February 13, 2009
Last Christmas I investigated some distributed revision control systems (so that I could keep on working normally despite the spotty internet connection over the holidays). Since then I’ve been using git on a daily basis for my research work and just love it. Thanks to git-svn I can still keep the original SVN backend. This has a number of advantages (sorry for reiterating a couple of points here):
- I access my SVN repositories via HTTPS. That means they’ll work even in the most ridiculously firewalled network as long as HTTPS connections are allowed. It also means that I can browse files with just a regular web browser (and nowadays even my phone has a web browser built-in!)
- While git’s Windows support is said to be getting better (I haven’t tried), SVN still has the best interoperability. When you’re not 100% sure what platforms have to access and commit to the project, SVN still is the best common denominator.
- Even with git you’ll sooner or later want to create a certain central repository that you or others can push to and pull from. Like with SVN, that too will require the server to have git installed, by the way. So that repo might just as well be in SVN, given the two points above.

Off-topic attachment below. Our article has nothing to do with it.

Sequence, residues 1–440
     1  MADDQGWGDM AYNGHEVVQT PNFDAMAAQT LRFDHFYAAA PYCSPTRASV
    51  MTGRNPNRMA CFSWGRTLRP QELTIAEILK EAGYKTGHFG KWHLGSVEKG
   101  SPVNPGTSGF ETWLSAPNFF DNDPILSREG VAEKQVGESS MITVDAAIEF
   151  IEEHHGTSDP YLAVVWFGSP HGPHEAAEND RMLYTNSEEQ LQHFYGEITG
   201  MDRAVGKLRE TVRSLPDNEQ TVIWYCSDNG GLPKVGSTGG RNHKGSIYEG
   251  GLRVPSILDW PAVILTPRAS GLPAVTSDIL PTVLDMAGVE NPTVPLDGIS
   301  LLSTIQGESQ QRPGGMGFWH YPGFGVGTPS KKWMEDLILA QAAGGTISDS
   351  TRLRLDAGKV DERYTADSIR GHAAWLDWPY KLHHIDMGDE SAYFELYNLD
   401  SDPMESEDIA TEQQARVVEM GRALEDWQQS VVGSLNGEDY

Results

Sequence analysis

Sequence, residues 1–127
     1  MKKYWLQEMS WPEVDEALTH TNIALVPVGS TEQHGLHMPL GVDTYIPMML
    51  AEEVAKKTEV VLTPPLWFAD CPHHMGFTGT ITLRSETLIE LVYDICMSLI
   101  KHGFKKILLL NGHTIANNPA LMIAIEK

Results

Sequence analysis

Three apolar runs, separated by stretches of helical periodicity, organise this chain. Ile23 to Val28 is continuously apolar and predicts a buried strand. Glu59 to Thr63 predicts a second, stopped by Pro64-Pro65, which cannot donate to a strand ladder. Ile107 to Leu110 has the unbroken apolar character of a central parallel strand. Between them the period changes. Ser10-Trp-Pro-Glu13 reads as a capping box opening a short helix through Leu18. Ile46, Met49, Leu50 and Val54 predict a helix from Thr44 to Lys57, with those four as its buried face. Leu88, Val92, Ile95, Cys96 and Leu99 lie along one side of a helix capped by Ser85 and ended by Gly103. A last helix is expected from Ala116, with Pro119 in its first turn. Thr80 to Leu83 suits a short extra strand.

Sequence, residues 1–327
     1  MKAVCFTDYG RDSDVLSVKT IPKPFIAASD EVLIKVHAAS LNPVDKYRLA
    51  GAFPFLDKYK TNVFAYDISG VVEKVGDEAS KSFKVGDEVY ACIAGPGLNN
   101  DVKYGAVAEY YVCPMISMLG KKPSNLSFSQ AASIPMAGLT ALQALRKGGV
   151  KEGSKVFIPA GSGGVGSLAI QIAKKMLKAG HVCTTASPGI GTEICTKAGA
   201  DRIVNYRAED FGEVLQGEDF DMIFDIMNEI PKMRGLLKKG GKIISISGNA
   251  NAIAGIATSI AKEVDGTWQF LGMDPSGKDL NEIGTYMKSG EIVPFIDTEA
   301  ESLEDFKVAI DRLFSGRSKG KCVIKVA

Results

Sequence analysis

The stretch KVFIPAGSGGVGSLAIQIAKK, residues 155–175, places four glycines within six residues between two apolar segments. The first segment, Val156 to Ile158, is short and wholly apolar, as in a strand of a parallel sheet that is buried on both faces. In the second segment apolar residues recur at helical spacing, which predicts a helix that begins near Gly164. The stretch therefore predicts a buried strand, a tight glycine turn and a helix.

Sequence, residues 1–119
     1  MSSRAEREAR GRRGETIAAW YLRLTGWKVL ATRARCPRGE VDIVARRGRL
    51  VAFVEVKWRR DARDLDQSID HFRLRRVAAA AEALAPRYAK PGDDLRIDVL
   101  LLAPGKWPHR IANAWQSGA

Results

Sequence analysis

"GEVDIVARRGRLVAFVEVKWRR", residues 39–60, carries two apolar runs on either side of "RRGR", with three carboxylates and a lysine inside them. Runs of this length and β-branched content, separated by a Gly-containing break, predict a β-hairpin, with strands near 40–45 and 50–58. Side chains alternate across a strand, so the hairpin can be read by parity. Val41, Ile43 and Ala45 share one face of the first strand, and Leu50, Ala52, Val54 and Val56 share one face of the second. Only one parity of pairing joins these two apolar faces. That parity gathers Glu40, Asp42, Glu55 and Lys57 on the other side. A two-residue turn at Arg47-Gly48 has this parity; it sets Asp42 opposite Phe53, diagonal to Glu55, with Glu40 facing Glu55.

So, I’m still using SVN for the backend and for the frontend where necessary. Otherwise I use git. I’m probably only using 10% of its features (which is fine by me), but boy I’m sold:
- git’s really well documented, I particularly like the insightful tips from gitready.com but the man pages and the online user manual are just as good. Compared to that, the Mercurial book is close to being useless.
- It simply makes sense. Lots of people say git is weird and compared to SVN, it sometimes really is. But the more time I spend using git, the more I feel that this is the way it should be done. Mercurial is conceptually very similar to git and both are increasingly popular which to me seems to indicate that both must be doing something right.
One thing that falls under the “the way it should be done” category is that you can just walk up to a directory and decide you want this stuff to be version controlled. The other day I realized I wanted to extend a piece of software. I couldn’t find out whether it was still maintained and where, so I just turned the directory into a git repository and started hacking away. Maybe it is still maintained, in which case I can always ask git to spit out my modifications as patches. Or the original author could pull my changes from the public repository I’ve set up. Come to think of it, I should probably tell the original author that
You may have noticed there, I’ve simply placed a bare git repository on a web server. I love how easy and low-tech this felt: just scp’ed it over. Just to make it a bit user friendly, I added an
index.html explaining what it is. I wonder how other people deal with this. I suppose folks without SSH access to webspace prefer sites like github.com and bitbucket.org? What do you do?